Urijah Faber remembers a time when it felt like the Ultimate Fighting Championship hosted only three events a year.
This week, he is one of 62 athletes who will compete in 31 fights in three UFC cards on two properties in Las Vegas.
“When I first started, they had to take weight classes out because there wasn’t enough opportunities for guys to get fights,” said Faber, who will fight Frankie Saenz at UFC 194 on Saturday at the MGM Grand Garden.
Faber, who fights at 135 pounds, could be in line to fight for the bantamweight title with a win. When his career began, the smallest weight class in the UFC was 170 pounds.
“I don’t know what I was thinking seeing there was this bright future when there wasn’t even a place for me,” he said. “To see everything now and how it’s all progressed is pretty amazing. But I always believed in it.”
The UFC hosted five events in 2003, the year Faber turned pro. The organization has come a long way since then. So far, in fact, UFC president Dana White downplayed the craziness of hosting three shows in one week.
“This thing has really come together perfectly,” White said. “It’s been a much easier week than I would have anticipated so far. This is what we do every week anyway. Sometimes we do two in a week, this time we did three back-to-back-to-back. It’s much easier because we’re in Vegas, but this thing’s going pretty smooth so far.
“I don’t want to jinx us, but everything’s been awesome.”
All three shows, starting with tonight’s UFC Fight Night 80 card at The Cosmopolitan of Las Vegas, are sold out. The Cosmopolitan is also the site for “The Ultimate Fighter 22 Finale” card Friday.
UFC 194, headlined by a mega-fight between featherweight champion Jose Aldo and interim champ Conor McGregor, closes out the schedule Saturday at the MGM Grand Garden.
“This is the first time we’ve ever done anything on this type of scale,” Dave Sholler, UFC senior director of public relations, said. “So first and foremost, when you have 30-plus fights in three nights, 60-plus fighters and their camps in town, working across two different properties, it’s just coordination making sure the experience for our fans, the athletes and the media is on point.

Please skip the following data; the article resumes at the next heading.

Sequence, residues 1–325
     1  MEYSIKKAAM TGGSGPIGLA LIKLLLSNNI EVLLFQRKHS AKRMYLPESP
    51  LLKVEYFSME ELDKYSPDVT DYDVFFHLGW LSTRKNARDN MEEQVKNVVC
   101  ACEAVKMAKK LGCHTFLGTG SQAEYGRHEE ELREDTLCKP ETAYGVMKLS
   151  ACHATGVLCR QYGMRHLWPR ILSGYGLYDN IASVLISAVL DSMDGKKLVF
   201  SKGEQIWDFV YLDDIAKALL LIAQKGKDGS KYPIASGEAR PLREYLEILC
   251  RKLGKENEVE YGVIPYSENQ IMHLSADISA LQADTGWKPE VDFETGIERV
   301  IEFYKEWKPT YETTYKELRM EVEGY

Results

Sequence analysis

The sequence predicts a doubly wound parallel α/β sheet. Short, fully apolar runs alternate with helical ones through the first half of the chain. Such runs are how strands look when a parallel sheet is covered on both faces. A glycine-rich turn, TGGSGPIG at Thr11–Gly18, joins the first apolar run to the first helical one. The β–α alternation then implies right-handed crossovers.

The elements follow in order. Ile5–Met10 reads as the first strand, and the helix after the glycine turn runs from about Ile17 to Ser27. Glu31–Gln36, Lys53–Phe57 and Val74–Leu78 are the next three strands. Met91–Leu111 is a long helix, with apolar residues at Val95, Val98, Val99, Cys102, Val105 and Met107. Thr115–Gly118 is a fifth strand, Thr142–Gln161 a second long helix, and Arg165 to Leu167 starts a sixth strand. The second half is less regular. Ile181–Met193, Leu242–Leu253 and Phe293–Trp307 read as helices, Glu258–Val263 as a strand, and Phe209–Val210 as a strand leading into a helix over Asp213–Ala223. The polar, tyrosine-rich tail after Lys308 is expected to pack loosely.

“So far, through Wednesday, I’m pretty happy to say we haven’t missed a beat. But it’s just managing all the little details that go into putting on one show and now multiplying it by three.”
The UFC has done back-to-back events four times and hosted two international shows on the same day in different countries twice, but nothing close to the scale of this week’s shows.
The true test of fatigue could come Saturday on the third consecutive day of fights, but UFC officials have learned from mistakes when “TUF Finale” cards took place the day after major pay-per-view events.
Now, everything will build to the two title fights Saturday.
Still, White said it will be a bit different from anything else the UFC has tried.
“Not just for me and my staff, but for the media and the fans and everyone,” he said. “When you go to a live event, it’s like a roller coaster, and by the end of the night, you’re exhausted. Then to think about getting up the next day and doing it again?
“Well, we’re going to find out now.”
Faber also will be in an unfamiliar position. Not only is he a veteran fighter, but he also is the founder of one of the most successful fight teams in the sport, Team Alpha Male.
While he will be in action Saturday, several of his teammates have fights on the other cards, including the main event of tonight’s and Friday’s shows, as Paige VanZant takes on Rose Namajunas, followed by Chad Mendes fighting Frankie Edgar.
Faber is accustomed to having several teammates fighting on the same night when everyone is going through the same stages of final preparations together.
But this week, he’ll be finishing his weight cut Friday as Mendes prepares to go into the cage.
“It’s a little awkward with three fights in three nights because everybody’s making weight at different times and having their meals at different times and doing all these different things,” Faber said. “I’m going to be hurting when Chad’s fighting Frankie. I’ll be trying to get food in my body, and I’m not sure if I’ll even feel like moving much. I’m also doing commentary for Paige’s fight on Fox leading up to it. There’s a lot of things that make it different, but that’s great.
“It’s a testament to where the sport is and where it’s going.”
Sholler said it’s a sign of how strong the organization has grown.
“First and foremost, we have a collection of the best in sports and entertainment as far as production, marketing, etc.,” he said. “To be able to pull off an event of this scale has also meant we’ve brought in employees from all of our regions. This isn’t just a Las Vegas effort, this is a global effort for our organization. It also shows that there may have been some whispers when we hit that injury patch that we were going through some rough times, but the truth is the brand has never been stronger.
“The organization has never been stronger, and this new group of stars are the ones that will carry us into the next wave.”
White said one of the things that makes him proud is that the UFC can help contribute to the Las Vegas economy at a time when the National Finals Rodeo is also in town.
“A lot of these hotels are at capacity,” he said. “It’s going to be a good weekend for the UFC, the fans, the sport and for Vegas.”
It starts tonight at The Cosmopolitan for a card that will exclusively stream online on the UFC’s subscription service, Fight Pass. The first bout is scheduled for 3:45 p.m.
Contact reporter Adam Hill at email@example.com or 702-224-5509. Follow him on Twitter: @adamhilllvrj